The setting and premise are complex but highly interesting. A virus/pandemic has swept through the United States (of course) and it can cause either of two responses: the first locks you in your body and leaves you completely unable to function outside your skin, unless you have a Personal Transport that allows your brain to control an android and perform daily functions or your job; or it changes neural pathways and leaves you able to host a locked-in individual for a period of time. The former are known as Hadens (because the FLOTUS contracted it), and the latter, who survived and can host another’s body, are called Integrators. And this is just the premise. Chris Shane is a Haden and just starting the FBI, when a mysterious case of an Integrator’s murder causes a series of scandals to emerge. The novel hinges on being able to piece apart who is in whose body, as well as the problems of living in a mechanical body but being locked in a paralyzed physical form.

Once I got the main idea, I was hooked. It’s an interesting story, and Scalzi develops his world really well. There’s definitely room for more novels in this world. What I really liked is the fact that Chris as a protagonist is of indeterminate gender. Man or woman? Genderqueer? There’s room to imagine. I projected Chris as a genderqueer woman, and thought that reading was really interesting. But reading Chris as a man would also be highly plausible. It’s cool to be able to write a complex protagonist in a way that you can decide which gender he or she is, or what you think is the most likely, based on your reading. My sister told me that if you were to download the audiobook, there are two choices for narrators: Wil Wheaton or Amber Benson. Very cool.


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#CBR Review #17: Of Love and Other Demons by Gabriel Garcia Marquez

I read One Hundred Years of Solitude when I was 19, because it was on the Oprah list, and I was still fairly new to adult fiction (true story). Becoming an English major unleashed me in college, and though I was not quite “mature” enough to really grasp the book, it’s stayed with me in the last eleven years. So I was delighted when A’s husband B choose Of Love and Other Demons as our February selection for my book club. We tend to read a lot of nonfiction, so I’m excited to bring something new into the mix. I’m especially curious to see how the hardline nonfictioners are going to respond to the magical realism in the book.

The novel focuses on young Sierva Maria, who is bitten by a rabid dog on her twelfth birthday and subsequently believed to be possessed. She comes from a crumbling aristocratic family who ultimately shunts her off to a convent to be isolated. There, she meets the priest Cayetano Delaura, who has been assigned to her exorcism. But as he gets to know her, he is drawn to her, obsessed by her magnificent copper hair, finding himself drawn deeper into the misery and passion of love.

If you like vivid imagery, evocative language, and slowly-building stories that crescendo to a dramatic conclusion, then you will probably like this book. I didn’t like it as much as One Hundred Years of Solitude, but Marquez is a fantastic writer who knows how to create an image with words. Of Love and Other Demons is certainly an interesting short novel, and I’m glad I read it.

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#CBR7 Review #16: Veronica Mars: Mr. Kiss and Tell by Rob Thomas and Jennifer Grant

You Cannonballers know how much I love me some Veronica Mars. I love the TV series, the film, and the first book, which I reviewed for CBR6. I have eagerly awaited the arrival of the second book, and it finally showed up at my library! I tore into it and devoured it in a large gulp this afternoon.


Mr. Kiss and Tell picks up a few months after The Thousand-Dollar Tan Line, where Weevil is awaiting the results of his criminal trial, and Veronica is trying to think of a new case. It arrives in the form of a young woman raped and left for dead outside Neptune–she’s accused a laundry employee at the Neptune Grand, and the hotel insurance is trying to clear the business from all wrongdoing. As Veronica digs into the mystery, someone from her past shows up and comes back to haunt her. The mystery builds alongside Weevil’s case, as well as Keith’s suit against Sheriff Dan Lamb and the police department in Neptune.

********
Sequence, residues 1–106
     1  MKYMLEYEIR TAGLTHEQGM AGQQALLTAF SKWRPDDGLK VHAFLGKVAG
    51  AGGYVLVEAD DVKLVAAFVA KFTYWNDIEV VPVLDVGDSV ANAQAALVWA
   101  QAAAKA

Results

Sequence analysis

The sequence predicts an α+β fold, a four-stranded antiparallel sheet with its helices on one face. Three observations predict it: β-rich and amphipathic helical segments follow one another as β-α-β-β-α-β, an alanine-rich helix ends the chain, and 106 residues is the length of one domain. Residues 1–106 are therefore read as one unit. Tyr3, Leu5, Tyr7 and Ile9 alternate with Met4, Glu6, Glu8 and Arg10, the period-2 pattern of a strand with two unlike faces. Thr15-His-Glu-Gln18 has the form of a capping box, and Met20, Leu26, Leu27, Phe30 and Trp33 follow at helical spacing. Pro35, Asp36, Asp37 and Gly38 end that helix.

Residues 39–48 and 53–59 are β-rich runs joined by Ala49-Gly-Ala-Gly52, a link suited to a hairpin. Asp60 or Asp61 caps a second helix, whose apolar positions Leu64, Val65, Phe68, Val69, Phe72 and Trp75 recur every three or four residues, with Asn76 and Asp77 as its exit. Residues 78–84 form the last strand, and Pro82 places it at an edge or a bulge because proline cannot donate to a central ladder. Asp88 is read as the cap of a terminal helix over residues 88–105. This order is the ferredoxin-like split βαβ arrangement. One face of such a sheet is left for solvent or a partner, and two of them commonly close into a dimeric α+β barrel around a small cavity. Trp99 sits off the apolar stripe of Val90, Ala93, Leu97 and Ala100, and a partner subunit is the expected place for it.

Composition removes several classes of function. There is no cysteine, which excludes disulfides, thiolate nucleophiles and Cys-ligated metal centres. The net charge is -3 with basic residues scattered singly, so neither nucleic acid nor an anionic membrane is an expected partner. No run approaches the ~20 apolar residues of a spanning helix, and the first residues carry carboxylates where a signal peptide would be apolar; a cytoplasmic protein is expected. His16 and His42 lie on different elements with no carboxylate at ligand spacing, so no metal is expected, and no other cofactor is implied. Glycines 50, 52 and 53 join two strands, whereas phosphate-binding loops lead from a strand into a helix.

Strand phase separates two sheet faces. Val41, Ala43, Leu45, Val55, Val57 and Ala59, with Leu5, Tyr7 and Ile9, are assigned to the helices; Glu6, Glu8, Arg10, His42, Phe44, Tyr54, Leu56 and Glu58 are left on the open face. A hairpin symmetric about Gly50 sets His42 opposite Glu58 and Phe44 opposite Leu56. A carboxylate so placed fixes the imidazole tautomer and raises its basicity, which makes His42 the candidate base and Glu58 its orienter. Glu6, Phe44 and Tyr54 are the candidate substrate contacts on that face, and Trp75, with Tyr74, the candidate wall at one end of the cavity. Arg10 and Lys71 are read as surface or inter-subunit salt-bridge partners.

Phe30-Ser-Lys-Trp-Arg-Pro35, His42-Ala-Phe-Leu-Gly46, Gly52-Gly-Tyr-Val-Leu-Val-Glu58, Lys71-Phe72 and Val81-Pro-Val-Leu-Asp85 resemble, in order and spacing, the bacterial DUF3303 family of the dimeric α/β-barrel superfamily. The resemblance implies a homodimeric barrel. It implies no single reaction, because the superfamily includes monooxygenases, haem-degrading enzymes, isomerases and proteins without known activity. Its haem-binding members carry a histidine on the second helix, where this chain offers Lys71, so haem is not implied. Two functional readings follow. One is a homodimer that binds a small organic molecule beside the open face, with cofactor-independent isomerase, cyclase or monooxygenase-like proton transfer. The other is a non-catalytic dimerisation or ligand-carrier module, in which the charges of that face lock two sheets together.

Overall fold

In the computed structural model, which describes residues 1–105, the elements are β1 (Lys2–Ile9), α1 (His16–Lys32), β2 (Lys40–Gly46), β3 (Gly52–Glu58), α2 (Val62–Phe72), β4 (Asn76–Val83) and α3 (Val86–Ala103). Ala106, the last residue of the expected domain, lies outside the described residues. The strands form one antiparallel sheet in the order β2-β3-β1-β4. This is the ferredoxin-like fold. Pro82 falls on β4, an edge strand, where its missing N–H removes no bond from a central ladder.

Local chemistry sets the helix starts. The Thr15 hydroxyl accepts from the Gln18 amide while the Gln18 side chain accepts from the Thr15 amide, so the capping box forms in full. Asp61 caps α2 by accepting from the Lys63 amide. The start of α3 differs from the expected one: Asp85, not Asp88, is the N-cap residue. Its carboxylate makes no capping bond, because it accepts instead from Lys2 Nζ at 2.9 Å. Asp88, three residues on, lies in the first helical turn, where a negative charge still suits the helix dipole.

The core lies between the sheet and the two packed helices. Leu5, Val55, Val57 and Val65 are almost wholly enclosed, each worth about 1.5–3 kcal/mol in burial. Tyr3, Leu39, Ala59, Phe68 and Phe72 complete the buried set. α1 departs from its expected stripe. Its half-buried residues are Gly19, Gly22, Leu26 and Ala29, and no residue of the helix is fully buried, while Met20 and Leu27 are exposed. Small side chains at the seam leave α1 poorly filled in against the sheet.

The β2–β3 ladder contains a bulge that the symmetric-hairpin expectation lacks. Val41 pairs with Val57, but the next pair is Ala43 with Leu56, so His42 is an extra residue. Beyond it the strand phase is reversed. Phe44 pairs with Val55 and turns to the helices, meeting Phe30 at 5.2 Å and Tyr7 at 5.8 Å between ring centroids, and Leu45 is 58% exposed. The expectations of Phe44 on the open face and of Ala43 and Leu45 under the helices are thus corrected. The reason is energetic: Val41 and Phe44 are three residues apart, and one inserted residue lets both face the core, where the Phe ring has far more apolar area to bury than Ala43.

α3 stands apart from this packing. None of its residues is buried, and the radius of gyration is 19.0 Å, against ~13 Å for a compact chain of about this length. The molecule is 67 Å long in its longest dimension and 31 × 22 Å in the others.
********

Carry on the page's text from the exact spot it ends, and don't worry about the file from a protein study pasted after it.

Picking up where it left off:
To say that I greatly enjoyed this novel is an understatement. Last novel, my biggest complaint was simple: Not. Enough. Logan. Thankfully, Mr. Kiss and Tell rectified that situation. I mean, I spent years and years waiting, and after the wish-fulfillment of the movie, I was desperate to be fed:


Thomas and Graham delivered. My one complaint now is simple: Not. Enough. Wallace. He does feature in a hilarious scene, and next book, I demand an even balance with all sorts of Logan AND Wallace. I mean:


However, there is one excellent joke that enters the series, one that I’d sorely missed. I’ll leave you with one hint:


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#CBR7 Review #15: California by Edan Lepucki

I’ve been reading a lot of dystopian fiction these days. I think the sense of impending doom surrounding academia, plus my graduation with no immediate job prospects in sight has me retreating to dire fiction to be comforted. Or maybe that’s what I’m telling myself? Either way, I’ve got a lot of reading in my stack, and Edan Lepucki’s California has been on a lot of 2014 lists. I thought I would give it a shot.

Cal and Frida are a married couple who have left Los Angeles and find themselves trying to eke out a living in a post-digital, post-apocalyptic world. His family has died, and hers has gone to live in a Community, where she has never seen them again. Her brother Micah died when his extremist group sent him on a mission as a suicide bomber. They spend their days trying to find food and recollecting their time with their neighbors, the Millers, who died mysteriously. And then Frida discovers that she’s pregnant. Spurred by the rumor of a community beyond a set of constructed spikes, they decide to find a safer life for their child. But they’re unaware of the dangers ahead.

This book started out very promisingly. I was really interested in the depiction of marriage isolated from society and the idea of trying to eke out a living alone (just as in Margaret Atwood’s Oryx and Crake). But the second half of the book drooped significantly for me. The reveals became increasingly silly, and the character motivations were unclear. And then, the book ended stupidly. I don’t want to say how, but I slammed it shut. It was a dissatisfying experience altogether. Boo.